The Adenosine Triphosphate or ATP is an energy transfer molecule. It is known as the energy currency of the cell or the energetic building block of life. Its structure is well suited for the transfer of energy. Whenever a cell needs energy, it breaks down an ATP molecule to release energy. This energy is used to perform work and create change. This work this performed is the physical basis of all the work that we do. Every known living cell uses ATP or something similar to transfer energy and to keep itself alive. ATP is necessary for all kinds of cells, without ATP life on earth would not exist.

The Sun

Early cells failed to tap into the power of the sun. the sun radiated photons that carry energy into the solar system. This raw energy can still not be utilized by most living beings. After millions of years of evolution, cells that could use solar energy came into existence. These cells absorbed solar radiation and converted it into their own forms of energy. This process was later regarded as photosynthesis. A part of the photon’s electromagnetic energy is used to combine different molecules together. The electromagnetic energy is converted and stored in ATP as chemical energy.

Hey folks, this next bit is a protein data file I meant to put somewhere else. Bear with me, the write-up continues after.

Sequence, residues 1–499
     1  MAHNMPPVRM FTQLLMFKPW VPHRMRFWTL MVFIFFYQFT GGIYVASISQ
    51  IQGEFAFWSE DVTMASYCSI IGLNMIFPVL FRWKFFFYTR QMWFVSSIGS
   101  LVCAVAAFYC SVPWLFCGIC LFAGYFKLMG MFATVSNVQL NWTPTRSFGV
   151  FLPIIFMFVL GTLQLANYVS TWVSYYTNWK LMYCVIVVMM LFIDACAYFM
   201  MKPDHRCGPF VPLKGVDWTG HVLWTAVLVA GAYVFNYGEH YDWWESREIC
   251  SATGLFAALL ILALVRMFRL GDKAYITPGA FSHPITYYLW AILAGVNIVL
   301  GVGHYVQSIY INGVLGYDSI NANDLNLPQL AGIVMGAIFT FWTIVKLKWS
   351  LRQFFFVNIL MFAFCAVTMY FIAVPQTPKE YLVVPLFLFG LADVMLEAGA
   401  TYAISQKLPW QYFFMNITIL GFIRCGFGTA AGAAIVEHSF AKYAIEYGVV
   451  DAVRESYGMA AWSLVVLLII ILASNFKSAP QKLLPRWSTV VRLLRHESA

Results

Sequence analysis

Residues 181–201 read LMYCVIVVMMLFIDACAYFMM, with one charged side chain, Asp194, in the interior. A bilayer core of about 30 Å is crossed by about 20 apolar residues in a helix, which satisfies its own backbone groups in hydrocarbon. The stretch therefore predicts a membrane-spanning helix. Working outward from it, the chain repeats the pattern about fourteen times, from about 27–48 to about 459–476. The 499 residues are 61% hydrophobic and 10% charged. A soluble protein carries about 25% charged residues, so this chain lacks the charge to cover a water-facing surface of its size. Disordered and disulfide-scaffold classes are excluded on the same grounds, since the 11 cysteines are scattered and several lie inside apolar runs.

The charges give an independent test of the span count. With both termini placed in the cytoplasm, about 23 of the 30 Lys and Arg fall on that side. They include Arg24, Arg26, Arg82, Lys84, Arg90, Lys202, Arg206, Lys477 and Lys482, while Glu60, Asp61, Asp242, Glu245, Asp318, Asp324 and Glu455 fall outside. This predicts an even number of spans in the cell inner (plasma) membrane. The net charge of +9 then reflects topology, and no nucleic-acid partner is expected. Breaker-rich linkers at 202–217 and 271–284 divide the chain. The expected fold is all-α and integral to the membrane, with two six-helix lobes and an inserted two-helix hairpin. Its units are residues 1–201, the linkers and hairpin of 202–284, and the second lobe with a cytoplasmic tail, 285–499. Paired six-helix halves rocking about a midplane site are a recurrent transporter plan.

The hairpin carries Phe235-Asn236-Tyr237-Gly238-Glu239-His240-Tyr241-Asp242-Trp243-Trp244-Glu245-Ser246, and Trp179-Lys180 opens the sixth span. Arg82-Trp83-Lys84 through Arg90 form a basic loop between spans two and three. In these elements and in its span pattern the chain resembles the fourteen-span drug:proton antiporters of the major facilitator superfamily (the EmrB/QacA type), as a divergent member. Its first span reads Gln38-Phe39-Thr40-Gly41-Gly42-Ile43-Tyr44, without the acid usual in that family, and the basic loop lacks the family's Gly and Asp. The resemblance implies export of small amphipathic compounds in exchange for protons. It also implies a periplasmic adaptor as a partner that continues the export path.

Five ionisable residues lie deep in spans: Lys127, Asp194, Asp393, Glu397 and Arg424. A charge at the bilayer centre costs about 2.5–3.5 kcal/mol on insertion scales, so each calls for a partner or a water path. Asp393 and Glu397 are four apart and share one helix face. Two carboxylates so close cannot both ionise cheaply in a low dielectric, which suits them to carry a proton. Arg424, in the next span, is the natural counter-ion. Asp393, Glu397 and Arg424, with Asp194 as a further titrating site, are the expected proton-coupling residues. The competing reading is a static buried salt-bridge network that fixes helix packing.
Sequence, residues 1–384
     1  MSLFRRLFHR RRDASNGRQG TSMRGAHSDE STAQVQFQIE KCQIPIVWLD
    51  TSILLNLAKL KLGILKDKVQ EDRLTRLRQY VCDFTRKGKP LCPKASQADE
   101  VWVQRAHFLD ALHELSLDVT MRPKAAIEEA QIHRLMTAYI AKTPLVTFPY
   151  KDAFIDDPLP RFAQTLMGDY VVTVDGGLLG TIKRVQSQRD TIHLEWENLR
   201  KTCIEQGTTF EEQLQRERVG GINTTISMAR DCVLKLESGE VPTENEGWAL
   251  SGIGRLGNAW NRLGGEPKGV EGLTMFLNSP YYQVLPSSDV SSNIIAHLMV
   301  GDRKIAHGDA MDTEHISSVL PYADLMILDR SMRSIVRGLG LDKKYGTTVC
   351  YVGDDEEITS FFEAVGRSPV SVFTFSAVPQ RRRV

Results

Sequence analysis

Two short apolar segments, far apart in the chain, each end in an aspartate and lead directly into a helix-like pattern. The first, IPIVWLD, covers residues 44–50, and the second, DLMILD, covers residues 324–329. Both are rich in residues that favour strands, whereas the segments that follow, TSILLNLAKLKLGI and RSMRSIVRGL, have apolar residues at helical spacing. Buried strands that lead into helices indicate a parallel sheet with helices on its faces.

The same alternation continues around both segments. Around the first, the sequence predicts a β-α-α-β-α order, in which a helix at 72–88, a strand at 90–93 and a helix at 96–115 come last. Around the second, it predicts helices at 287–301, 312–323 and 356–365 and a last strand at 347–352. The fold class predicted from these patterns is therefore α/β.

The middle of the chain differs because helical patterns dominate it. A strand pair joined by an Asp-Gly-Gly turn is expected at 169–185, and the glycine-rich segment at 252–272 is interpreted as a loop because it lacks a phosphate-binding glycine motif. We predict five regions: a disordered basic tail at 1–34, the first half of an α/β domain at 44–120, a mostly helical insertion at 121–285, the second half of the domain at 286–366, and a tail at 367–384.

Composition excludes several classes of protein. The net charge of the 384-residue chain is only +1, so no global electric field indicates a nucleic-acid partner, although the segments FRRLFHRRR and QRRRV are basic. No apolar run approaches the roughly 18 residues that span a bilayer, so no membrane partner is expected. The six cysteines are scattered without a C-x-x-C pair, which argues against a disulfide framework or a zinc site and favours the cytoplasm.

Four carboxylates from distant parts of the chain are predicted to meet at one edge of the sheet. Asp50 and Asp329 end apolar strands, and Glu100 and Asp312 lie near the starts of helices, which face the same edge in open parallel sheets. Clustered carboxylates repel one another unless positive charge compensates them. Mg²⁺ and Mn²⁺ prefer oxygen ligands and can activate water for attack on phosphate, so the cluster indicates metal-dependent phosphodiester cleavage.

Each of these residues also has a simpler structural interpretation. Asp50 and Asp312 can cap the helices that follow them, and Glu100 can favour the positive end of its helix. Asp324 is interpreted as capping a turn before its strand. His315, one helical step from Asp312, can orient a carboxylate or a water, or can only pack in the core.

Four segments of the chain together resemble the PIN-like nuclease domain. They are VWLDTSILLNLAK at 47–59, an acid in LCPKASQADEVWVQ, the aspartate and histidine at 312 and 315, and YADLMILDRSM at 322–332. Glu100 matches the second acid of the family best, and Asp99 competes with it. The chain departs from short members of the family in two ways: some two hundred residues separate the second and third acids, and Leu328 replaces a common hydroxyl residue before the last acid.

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The Glucose Molecules

This conversion of light energy to chemical energy became more and more efficient over time. Soon, cells began to create glucose molecules. Glucose molecules are easy to break down, high in energy, and good in taste. Some cells decided that instead of performing their own photosynthesis they could get other cells to do it. They swallowed other cells and started taking their glucose and ATP. They basically preyed upon glucose producing cells for their energy needs.

The Evolution of Mitochondria

During evolution, some cells swallowed energy-producing cells but did not digest them. These cells became the ancestors of all cells on the planet. Together they became one entity. The swallowed cell produced ATP for energy. In return, the host cells gave these ATP producing cells protection and shelter. These swallowed cells went on to become Mitochondria or the powerhouse of the cell.

The host cell gave protection to the mitochondria and gave it food. The mitochondria broke down this food through oxidation to yield energy in the form of ATP. These cells were more complex than primitive cells and became the building blocks for the further evolution of cells. These cells then began to form clusters or communities together. This led to multicellular life as we know it.

Modern life forms

Modern life forms like humans are made up of trillions of cells. These cells all have hundred of organelles within them. A lot of ATP is needed for your daily upkeep, which is approximately ATP worth your own body weight. It is not possible to store ATP for long but it is good for the transfer of energy. Hence ATP is constantly produced and used up quickly.

Final Thoughts

Modern life and modern life forms can be complex, but the underlying processes have remained the same. It is always handy to keep some basic knowledge of the cycle of life at hand.